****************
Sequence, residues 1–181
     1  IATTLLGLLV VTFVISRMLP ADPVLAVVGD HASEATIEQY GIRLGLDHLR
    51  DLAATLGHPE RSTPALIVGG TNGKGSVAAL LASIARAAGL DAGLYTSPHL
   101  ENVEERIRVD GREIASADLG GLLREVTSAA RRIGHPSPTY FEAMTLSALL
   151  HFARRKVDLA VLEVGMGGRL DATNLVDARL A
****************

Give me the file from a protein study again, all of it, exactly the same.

Sequence, residues 1–181
     1  IATTLLGLLV VTFVISRMLP ADPVLAVVGD HASEATIEQY GIRLGLDHLR
    51  DLAATLGHPE RSTPALIVGG TNGKGSVAAL LASIARAAGL DAGLYTSPHL
   101  ENVEERIRVD GREIASADLG GLLREVTSAA RRIGHPSPTY FEAMTLSALL
   151  HFARRKVDLA VLEVGMGGRL DATNLVDARL A